By Rev. Heather Blais, Rector
The Gospel lesson assigned today is one of only a handful of passages that we hear every single year. This is a simple way to elevate the passage as particularly important for the Church. It is the second time the resurrected Jesus appears in John’s Gospel. The first time is when Jesus appears to Mary Magdalene after his empty tomb was discovered. Later that same day, in the evening, Jesus appears again. However, this time he appears inside the house where the disciples had regularly met. All the disciples, except for Thomas, were gathered in the house and hid behind locked doors, “...for fear of the Jews.”
Now their fear is a bit perplexing. Were they afraid that they too would be put to death, simply for being one of Jesus’ followers? Were they afraid because Mary Magdalene told them Jesus had risen from the dead, and they were clueless about what that meant for them and the Jesus Movement?Given the fact they had walked beside Jesus and learned directly from him that he would suffer, die, and rise again, why were they so afraid? Why weren’t they outside proclaiming the risen Lord? While we can’t be certain what was going on inside their own hearts, I am sure when we remember some of our own experiences with fear, we can relate to how easy it is for fear to suck us in and keep us down.
And maybe, it doesn’t matter why they were so afraid. After all, Jesus doesn’t stand outside the doors, and yell, “Get outside, right this minute--you guys know better!” Instead he somehow walks through the locked door, and says, “Peace be with you...” showing the disciples his hands and his side. He comes to them. He meets them where they are. Over and over again, Jesus meets us where we are, not where we are expected to be.
Now Thomas, also known as the Twin, or these days, Doubting Thomas, wasn’t there. When the other disciples told him of Jesus’ appearance, Thomas told them he wanted to put his finger in the mark of the nails and his hand in Jesus’ side. It was the only way he would believe. Thomas was pragmatic, and he wanted the data to prove Jesus had really risen. A week later, Jesus appears and let's Thomas do just that. When he does, Thomas believes without a shadow of a doubt that this truly is the risen Lord. Again, Jesus comes directly to Thomas. He meets Thomas where he is, not expecting him to have more faith.
For the early Church this passage served as concrete proof of the Risen Lord. John’s Gospel was written sometime around the second century, when the early Church was beginning to debate the substance of Jesus--what part of him was God, what part of him was human? A couple hundred years later at the Council of Nicea, the Church agreed Jesus was both truly and fully God and human.We see this conservation play out in John’s Gospel. The doors were locked, yet the Risen Lord is both godly with his ability to walk through locked doors, and yet human in his physical wounds where they nailed him to the cross. Wounds that Thomas touched and put his own hand in.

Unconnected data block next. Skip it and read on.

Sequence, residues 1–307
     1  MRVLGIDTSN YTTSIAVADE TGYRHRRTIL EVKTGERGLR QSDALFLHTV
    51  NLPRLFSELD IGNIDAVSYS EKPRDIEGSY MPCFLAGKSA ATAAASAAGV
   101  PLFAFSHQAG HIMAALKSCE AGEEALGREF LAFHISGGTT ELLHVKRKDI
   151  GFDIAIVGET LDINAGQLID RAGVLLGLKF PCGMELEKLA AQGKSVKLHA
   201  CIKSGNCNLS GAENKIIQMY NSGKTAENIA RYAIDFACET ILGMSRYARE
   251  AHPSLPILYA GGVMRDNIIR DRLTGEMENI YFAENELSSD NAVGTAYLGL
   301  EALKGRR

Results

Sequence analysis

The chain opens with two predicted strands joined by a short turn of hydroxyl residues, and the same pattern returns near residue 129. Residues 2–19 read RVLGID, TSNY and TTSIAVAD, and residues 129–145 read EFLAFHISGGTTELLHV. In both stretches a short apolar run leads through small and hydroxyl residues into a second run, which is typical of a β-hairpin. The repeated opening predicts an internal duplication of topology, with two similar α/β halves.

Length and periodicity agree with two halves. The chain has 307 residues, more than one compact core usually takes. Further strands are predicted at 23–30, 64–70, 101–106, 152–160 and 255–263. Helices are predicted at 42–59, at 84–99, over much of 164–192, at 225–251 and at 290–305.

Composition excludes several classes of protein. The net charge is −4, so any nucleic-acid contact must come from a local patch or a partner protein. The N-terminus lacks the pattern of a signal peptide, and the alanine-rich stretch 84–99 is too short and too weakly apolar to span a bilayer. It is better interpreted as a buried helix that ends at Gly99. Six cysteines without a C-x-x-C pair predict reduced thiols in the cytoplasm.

As human beings, we are more data driven than ever. We like our evidence, our facts, our concrete proof. Whether we like to admit it or not, we too wish we could have a bit of concrete proof. Yet Jesus words in this passage are meant for us to hear. He says to Thomas, “Have you believed because you have seen me? Blessed are those who have not seen and yet have come to believe.” That is us. That is each and every member of the Church today. We are here, believing, having faith even though we have not seen. And we are blessed all the more for it.
Another powerful part of this story takes place when Jesus first appears to the disciples. Jesus says, “Peace be with you. As the Father has sent me, so I send you.” Then, he breathed on them. As he breathed on them he said, “Receive the Holy Spirit. If you forgive the sins of any, they are forgiven them; if you retain the sins of any they are retained.”
In John’s Gospel this is the the Great Commission and Pentecost all tied into one beautiful moment. Jesus is commissioning them to be ministers in the world, spreading the Good News of God’s mercy, compassion, and hope. He is acknowledging the power they have to both forgive and retain sins. Jesus is calling each and every one of his followers to forgive those who have sinned against us.
A contemporary translation of the same verse reads, “If you forgive someone’s sins, they’re gone for good. If you don’t forgive sins, what are you going to do with them?” We all have the power and calling to forgive those who have hurt us, and we have the power to retain them. But as the contemporary translation states--what are you going to do with them if you don’t forgive?When we retain sins, it doesn’t just harm the offender because we withhold our forgiveness. Because sometimes our offender doesn't even realize they have offended us. Honestly, sometimes the offender could care less if we forgive them. But when we retain the sins of our offenders it most certainly harms us. Our faith calls us to forgive.
Think of our faith like a balloon. When we get hurt, our balloon blows up a bit, and we can either hold it tight, retaining the sin or we can release the sin by letting go and forgiving the offender. The counter pressure to the balloons urges us let go of the sins instead of retaining them. But, what happens to our balloon if we only retain others sins?
It gets bigger and bigger and bigger until it finally pops, shattering into pieces. The person we hurt the most when we don’t forgive our offenders is ourselves. Jesus calls us to release those sins by letting go and forgiving those who have hurt us. Even if we know our offender will hurt us again. This week, I encourage you to pray and reflect about your own faith, your own inner balloon. Are you retaining any sins, and if so, how might your faith help you to let them go? Amen.
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